On the lower surface of the cover 28 of the electrophoretic apparatus shown in FIG. 6, there are formed protrusions 28a, 28b and 28c at the positions corresponding to the carrier clamps 18, 18' and 18" respectively. Owing to these protrusions formed on the cover, the spaces A and B located above the carrier 19 are sealed from the other spaces C and D when the cover is closed to bring the protrusions 28a, 28b and 28c into close contact with the carrier clamps 18, 18' and 18" respectively. Therefore, when heat is generated through electrical energizing and buffer solutions are vaporized, convection does not take place between the spaces A, B kept at relatively high humidity and the spaces C, D kept at relatively low humidity, thereby maintaining the former spaces at constant high humidities respectively to assure nearly equal electrophoretic conditions in both the spaces. In an electrophoretic apparatus, energizing direction is reversed for every two analyses for avoiding adverse effect on electrophoretic patterns due to difference in pH level between the buffer solutions in the respective electrode chambers. When electrophoretic conditions are the same between the spaces A and B as described above, no difference can be produced on the electrophoretic patterns by reversing the energizing direction. On the cover shown in FIG. 6, the carrier clamps 18, 18' and 18" may be bonded or attached by a suitable means to the protrusions 28a, 28b and 28c so as to make the cover servable also as the carrier clamps. A cover having such protrusions is usable also in the first embodiment of the present invention.
In the two embodiments described above, the filter papers used for supplying the buffer solutions and electric current may be replaced with equivalent members made of a foamed material such as sponge. Further, it is possible to use, in place of the filter paper 15" and filter paper support 18", a trapezoidal member which is made of a foamed materials and servable as both the filter paper and filter paper support at a time. Furthermore, it is possible to design the filter paper 15 and filter paper support 13 as an integral member made of a foamed material and arrange it so as to dip its low end into the buffer solution 8. The filter paper 15' and filter paper support 13' can be designed and arranged in quite the similar manner.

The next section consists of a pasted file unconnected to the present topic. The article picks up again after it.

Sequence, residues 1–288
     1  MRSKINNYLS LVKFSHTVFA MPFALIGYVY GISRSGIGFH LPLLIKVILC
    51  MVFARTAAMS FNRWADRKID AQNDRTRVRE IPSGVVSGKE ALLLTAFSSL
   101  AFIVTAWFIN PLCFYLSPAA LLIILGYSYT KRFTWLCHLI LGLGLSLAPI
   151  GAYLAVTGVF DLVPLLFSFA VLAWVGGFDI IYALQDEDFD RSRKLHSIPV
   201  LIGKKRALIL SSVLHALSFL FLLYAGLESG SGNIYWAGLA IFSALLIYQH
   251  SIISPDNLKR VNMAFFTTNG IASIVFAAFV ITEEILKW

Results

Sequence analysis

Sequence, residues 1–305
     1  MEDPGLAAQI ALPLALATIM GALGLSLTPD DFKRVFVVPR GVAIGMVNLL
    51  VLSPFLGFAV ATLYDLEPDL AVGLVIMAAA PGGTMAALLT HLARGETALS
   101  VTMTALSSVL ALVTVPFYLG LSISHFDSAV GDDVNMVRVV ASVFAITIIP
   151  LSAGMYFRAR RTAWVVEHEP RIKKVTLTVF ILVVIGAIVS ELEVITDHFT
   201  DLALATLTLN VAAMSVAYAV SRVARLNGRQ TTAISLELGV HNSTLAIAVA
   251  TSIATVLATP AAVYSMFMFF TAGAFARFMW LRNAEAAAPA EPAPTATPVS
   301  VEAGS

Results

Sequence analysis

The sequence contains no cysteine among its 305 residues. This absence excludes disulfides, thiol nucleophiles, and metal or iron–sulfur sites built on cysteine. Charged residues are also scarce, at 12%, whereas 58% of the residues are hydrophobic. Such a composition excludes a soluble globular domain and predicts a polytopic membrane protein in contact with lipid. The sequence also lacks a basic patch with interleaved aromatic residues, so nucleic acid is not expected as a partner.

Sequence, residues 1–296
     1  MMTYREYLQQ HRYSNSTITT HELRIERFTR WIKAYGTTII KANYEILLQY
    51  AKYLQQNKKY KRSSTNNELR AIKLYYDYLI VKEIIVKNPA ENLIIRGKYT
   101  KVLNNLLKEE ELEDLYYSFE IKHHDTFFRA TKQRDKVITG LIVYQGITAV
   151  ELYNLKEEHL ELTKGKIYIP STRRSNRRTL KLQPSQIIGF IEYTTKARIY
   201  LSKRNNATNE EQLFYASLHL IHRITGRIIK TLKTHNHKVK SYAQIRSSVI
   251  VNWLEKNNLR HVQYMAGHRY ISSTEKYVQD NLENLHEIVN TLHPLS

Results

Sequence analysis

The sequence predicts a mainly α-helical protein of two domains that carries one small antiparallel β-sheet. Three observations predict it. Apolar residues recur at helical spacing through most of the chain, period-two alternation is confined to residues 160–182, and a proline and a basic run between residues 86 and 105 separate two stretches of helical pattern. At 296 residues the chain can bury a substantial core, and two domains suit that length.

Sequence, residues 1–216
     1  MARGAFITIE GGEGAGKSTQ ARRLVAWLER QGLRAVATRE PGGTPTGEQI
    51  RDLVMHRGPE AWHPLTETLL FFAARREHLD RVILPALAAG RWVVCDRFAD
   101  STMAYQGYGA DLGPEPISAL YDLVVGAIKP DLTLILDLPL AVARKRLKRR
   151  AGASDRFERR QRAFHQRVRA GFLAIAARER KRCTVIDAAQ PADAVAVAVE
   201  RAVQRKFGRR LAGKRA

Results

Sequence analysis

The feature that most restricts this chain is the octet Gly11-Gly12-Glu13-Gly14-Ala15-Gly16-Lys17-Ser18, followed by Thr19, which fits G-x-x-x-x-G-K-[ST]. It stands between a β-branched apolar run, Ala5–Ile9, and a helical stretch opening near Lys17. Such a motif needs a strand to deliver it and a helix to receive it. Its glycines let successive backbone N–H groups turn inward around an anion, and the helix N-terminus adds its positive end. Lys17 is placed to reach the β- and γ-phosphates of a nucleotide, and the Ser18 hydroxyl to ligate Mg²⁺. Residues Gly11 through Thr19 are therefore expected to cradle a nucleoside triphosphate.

As is understood from the foregoing detailed descriptions, the electrophoretic apparatus according to the present invention comprises the members for supplying buffer solutions and electric current arranged at the position to be brought into contact with the central portion of the carrier, permits forming electrophoretic patterns by electrically energizing samples applied in two rows on a carrier, and is capable to treating samples in a number twice as large as that treatable with the conventional electrophoretic apparatus. Further, the electrophoretic apparatus according to the present invention electrically energizes the samples in a direction symmetrical with regard to the right and left sample rows, and permits obtaining electrophoretic patterns developed similarly in both the sample rows. Moreover, the electrophoretic apparatus according to the present invention can be designed relatively compact though it is a little enlarged since it requires a carrier a little wider than conventional. The second embodiment of the present invention uses only two electrodes one of which is equivalent to two electrodes usually arranged at both the sides. A single electrode used commonly as described above assures the same energizing condition for the samples applied in two rows and makes it possible to obtain electrophoretic patterns developed similarly in both the right and left rows.